There were several attributes that attracted me to the Revolution model, which ultimately influenced my final decision to take it instead of the Outback that I had previously planned on using. Those attributes can be summed up under the banner of versatility. Being a hybrid of sorts, the Revolution sits nicely in that gap that previously separated the Outback from the Adventure model. The Revolution is a longer and more slender kayak than the Outback, which not only makes it a faster hull design, it's also easier to paddle. It's not as long or slender as the Adventure, however, and nor is it as fast. But being some 80cm shorter than the Adventure, it also boasts a tighter turning circle and has the added advantage of being lighter than both the Adventure and Outback. That's not to say that it skimps on storage space either - it has plenty, especially under the bow hatch.
So it would be fair to say that the Revolution is a very good all-round fishing kayak, and is precisely the sort of multi-tasker that would be suitable for someone traveling along the diversified coastline of Australia. It is also that sort of 'best of both worlds' quality that would lend itself to any kayak fisherman that fishes in a variety of conditions. It would also be fair to say, however, that because it does sit somewhere in between the Outback and Adventure models, both of those kayaks are probably a little bit better suited for their intended specific usage scenarios. Despite having good storage for what it is, both the Outback and Adventure models do offer more storage room than the Revolution. They both have more options for mounting extras such as rod holders and GPS mounts as well. The Revolution isn't long enough to offer the ability to slice through choppy water quite like the Adventure and nor is it wide enough to offer the rock-solid stability of the Outback. So perhaps the term 'almost best of both worlds' is more appropriate.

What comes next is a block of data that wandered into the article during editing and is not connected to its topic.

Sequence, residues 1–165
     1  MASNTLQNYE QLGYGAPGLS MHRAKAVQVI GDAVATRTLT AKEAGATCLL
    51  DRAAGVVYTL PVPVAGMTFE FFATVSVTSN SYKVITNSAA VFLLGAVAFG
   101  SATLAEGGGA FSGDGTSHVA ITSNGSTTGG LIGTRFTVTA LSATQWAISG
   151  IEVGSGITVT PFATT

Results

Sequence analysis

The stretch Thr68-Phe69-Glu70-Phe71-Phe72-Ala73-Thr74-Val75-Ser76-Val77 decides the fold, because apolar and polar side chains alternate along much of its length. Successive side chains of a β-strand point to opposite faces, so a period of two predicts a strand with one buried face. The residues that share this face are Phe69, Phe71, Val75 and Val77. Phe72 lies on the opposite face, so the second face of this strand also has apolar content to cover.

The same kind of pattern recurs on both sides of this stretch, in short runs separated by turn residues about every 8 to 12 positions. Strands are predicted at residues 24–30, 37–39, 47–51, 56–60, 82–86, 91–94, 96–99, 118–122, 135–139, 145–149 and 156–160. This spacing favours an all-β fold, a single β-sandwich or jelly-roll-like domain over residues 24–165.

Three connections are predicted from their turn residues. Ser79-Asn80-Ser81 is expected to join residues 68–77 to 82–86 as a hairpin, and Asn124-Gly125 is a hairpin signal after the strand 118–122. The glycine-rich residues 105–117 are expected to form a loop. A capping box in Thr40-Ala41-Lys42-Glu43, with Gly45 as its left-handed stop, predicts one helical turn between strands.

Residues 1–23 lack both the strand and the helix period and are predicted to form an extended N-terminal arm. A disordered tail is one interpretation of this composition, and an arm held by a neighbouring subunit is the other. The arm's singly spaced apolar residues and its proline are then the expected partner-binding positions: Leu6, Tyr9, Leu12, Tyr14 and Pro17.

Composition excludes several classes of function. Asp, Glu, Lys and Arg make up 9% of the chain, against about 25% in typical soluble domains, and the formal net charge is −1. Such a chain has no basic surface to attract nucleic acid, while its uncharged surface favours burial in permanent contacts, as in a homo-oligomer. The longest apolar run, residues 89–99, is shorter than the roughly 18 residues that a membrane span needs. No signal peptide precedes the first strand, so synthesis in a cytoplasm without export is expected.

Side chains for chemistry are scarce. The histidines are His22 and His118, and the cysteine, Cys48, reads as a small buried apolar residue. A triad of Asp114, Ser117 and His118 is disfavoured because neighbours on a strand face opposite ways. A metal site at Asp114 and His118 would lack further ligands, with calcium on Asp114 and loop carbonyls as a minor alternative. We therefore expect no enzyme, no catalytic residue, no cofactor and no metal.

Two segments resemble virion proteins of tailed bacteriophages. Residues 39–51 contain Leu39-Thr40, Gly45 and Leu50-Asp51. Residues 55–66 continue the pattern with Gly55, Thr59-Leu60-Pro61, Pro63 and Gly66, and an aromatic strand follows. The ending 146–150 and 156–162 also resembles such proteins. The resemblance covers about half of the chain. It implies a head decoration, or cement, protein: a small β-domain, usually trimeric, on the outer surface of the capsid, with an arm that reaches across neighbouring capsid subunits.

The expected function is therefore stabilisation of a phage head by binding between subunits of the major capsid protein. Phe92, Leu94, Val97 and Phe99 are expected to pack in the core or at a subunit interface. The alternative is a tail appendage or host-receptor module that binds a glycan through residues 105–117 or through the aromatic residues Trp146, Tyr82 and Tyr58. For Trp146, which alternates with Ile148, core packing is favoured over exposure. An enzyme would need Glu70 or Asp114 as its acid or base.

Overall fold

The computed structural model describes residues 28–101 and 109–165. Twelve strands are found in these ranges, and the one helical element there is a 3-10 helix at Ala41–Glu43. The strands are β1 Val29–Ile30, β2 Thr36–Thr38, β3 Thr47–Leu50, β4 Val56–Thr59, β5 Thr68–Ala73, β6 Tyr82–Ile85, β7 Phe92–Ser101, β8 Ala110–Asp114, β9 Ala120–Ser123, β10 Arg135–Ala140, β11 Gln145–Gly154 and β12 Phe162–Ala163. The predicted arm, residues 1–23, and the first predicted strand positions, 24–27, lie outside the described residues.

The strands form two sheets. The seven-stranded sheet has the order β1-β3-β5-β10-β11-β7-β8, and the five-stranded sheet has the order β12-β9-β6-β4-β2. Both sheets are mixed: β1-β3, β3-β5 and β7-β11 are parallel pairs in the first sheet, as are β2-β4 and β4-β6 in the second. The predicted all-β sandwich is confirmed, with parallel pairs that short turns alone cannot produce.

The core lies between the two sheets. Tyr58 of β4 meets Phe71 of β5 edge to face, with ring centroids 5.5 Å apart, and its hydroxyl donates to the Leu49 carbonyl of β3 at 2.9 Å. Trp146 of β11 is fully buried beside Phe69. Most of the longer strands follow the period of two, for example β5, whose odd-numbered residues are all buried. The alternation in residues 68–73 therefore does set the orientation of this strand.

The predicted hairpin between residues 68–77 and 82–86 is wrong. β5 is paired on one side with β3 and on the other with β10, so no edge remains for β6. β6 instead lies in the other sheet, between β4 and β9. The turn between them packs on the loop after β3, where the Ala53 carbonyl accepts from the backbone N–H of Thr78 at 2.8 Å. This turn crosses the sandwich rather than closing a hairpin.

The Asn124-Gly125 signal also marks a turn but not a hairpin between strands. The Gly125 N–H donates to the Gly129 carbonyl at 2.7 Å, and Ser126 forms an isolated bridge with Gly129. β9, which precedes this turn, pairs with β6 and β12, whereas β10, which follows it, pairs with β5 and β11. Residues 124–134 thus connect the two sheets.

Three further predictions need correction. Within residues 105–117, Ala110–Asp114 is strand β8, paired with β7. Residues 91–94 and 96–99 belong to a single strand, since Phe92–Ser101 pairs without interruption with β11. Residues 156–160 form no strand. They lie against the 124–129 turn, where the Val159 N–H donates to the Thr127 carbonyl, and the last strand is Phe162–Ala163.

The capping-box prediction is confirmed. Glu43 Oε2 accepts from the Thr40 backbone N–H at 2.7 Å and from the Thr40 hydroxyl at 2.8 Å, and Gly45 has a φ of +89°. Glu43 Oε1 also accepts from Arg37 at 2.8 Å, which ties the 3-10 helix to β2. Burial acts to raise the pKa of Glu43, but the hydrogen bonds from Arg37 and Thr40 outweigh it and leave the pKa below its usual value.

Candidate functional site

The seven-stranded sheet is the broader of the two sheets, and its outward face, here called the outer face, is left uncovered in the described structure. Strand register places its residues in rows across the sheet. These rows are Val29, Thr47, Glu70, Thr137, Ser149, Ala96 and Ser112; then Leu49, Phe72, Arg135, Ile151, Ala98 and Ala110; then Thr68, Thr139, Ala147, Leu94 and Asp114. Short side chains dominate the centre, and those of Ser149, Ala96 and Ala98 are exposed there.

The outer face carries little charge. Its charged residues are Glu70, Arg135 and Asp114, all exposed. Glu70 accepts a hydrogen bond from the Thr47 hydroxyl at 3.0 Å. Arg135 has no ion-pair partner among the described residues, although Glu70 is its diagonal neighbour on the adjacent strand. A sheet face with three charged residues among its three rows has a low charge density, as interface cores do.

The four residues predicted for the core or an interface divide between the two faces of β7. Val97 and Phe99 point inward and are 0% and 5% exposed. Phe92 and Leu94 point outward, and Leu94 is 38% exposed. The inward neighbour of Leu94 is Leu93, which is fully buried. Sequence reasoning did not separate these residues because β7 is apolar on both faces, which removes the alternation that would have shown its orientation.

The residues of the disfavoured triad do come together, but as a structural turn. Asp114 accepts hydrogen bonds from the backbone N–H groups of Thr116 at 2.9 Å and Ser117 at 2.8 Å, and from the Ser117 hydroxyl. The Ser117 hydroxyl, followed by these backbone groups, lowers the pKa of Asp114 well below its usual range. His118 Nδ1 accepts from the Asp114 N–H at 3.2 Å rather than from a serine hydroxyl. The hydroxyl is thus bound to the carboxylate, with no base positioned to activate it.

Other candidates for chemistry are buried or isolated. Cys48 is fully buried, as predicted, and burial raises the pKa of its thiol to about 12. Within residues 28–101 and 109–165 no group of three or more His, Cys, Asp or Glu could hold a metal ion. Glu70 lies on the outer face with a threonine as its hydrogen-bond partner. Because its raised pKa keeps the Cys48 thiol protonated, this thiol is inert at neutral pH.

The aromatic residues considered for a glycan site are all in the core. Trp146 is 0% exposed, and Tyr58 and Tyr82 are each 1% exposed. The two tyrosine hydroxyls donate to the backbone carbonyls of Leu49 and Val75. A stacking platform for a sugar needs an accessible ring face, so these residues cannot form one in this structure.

Want to learn more about other types of backpacking and camping gear?  We have broken out our gear reviews by major equipment category.  In addition to the kayak reviews above, see our other gear review pages:

For more information, see our full line of kayaks for sale or rent.